Her lawyer, Pierre Cornut-Gentille, said in a statement that the interview had been taken out of context and that she had always done her utmost to remain discreet and not appear to have a public role.
French financial investigators are widening their probe to include two of the Fillons' children, who were also hired to help him out, a source told Reuters.
Fillon himself pressed on with campaigning in the Ardennes region in northern France, telling a rally of about 1,000 people to "help him resist" against orchestrated efforts by his political opponents to break him and the party.
He once again defended his actions as "nothing illegal" and sought to grab back the political high ground by attacking the other presidential candidates.
"I feel like someone who is being attacked unjustly on all sides. But I am ready to defend myself," he told reporters earlier in the day when a few cries of "Resign!" rang out from a crowd.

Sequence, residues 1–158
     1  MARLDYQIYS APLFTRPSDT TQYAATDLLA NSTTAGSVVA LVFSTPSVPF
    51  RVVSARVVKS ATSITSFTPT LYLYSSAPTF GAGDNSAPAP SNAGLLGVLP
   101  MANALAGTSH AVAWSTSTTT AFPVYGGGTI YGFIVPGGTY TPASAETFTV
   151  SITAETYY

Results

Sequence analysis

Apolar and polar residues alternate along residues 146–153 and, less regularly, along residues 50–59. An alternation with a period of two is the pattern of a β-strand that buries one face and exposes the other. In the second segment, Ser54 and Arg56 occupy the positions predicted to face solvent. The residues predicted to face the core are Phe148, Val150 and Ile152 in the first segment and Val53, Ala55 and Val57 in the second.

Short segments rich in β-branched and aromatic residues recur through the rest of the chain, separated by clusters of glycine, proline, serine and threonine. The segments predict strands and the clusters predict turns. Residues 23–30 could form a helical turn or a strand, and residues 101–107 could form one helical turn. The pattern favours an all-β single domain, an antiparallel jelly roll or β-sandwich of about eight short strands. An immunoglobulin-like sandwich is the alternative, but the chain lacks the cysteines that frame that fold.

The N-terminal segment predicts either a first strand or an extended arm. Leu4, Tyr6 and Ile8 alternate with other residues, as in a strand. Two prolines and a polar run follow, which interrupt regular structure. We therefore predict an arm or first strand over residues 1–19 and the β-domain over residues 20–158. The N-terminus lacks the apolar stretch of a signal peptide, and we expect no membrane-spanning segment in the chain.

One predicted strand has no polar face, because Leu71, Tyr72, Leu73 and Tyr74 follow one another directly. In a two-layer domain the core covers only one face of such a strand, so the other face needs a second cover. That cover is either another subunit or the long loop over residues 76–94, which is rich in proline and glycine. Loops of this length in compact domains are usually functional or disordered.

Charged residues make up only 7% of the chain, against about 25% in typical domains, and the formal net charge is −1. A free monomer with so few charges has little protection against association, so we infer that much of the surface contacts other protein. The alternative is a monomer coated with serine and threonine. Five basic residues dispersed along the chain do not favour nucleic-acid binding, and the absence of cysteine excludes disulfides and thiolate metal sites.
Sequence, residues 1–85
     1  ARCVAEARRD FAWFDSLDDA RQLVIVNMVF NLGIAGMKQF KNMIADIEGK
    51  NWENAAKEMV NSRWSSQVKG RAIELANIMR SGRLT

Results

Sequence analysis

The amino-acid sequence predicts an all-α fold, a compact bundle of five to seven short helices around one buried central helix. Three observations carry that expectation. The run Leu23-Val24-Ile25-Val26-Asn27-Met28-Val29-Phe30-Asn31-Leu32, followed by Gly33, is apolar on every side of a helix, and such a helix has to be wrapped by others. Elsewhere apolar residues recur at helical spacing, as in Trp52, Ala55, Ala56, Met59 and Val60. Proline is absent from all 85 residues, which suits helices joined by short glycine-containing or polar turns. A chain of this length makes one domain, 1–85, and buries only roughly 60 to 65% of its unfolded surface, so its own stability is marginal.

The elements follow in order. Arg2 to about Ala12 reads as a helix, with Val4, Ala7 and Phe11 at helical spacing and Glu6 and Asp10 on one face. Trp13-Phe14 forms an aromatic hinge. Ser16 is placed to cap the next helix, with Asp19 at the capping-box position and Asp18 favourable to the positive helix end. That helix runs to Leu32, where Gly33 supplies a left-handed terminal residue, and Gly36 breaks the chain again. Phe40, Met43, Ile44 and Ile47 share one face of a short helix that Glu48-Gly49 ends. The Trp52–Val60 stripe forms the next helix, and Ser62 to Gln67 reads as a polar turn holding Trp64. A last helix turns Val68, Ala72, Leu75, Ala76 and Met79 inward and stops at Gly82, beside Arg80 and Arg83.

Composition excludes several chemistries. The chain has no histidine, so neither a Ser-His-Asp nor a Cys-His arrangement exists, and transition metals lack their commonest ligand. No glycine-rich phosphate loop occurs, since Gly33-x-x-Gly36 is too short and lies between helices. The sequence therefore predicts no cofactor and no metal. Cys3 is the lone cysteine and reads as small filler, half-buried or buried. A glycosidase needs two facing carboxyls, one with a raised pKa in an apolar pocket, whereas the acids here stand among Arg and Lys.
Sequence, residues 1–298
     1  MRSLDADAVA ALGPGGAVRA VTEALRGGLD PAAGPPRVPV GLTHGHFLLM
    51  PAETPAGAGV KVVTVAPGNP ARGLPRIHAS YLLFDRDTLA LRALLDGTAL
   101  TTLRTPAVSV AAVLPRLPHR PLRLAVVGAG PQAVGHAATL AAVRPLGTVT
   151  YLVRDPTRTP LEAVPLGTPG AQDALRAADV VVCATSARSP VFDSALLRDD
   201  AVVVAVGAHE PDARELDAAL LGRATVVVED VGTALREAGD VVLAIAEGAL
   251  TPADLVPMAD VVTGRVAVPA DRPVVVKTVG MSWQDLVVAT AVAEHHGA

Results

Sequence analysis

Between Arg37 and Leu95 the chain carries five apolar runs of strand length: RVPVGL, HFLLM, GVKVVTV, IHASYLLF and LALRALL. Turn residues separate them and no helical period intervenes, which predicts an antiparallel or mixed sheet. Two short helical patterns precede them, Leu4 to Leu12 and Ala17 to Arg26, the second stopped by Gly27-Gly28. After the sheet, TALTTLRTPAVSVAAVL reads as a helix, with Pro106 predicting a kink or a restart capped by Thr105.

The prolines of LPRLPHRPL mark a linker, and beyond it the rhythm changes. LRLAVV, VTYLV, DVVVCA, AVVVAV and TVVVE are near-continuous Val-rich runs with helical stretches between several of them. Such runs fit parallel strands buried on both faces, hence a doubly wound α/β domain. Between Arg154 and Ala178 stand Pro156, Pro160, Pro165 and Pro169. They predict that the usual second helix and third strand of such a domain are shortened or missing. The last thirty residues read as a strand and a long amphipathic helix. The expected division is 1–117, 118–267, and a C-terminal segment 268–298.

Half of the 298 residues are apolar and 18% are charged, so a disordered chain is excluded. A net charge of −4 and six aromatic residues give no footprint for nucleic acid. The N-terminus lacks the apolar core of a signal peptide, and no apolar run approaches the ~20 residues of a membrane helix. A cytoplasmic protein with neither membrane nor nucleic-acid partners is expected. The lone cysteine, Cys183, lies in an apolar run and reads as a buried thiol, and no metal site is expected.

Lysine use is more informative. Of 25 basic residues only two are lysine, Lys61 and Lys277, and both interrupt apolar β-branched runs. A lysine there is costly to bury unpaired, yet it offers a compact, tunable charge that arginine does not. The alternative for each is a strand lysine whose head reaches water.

French lawmakers are allowed to employ family members, but the suggestion Penelope Fillon did no real work has damaged Fillon's image, and could yet put him in court.
Fillon has said the work was genuine and will not stand down unless put under formal investigation. He held an emergency meeting with party grandees on Wednesday in which he urged them to stick by him for another two weeks - the time he estimated a preliminary investigation would take to run its course.
But some appeared unwilling to give him that much time after one poll showed the hitherto favourite would be eliminated in the first round of the election on April 23.
Another survey showed 69 percent of people wanted Fillon to drop his bid.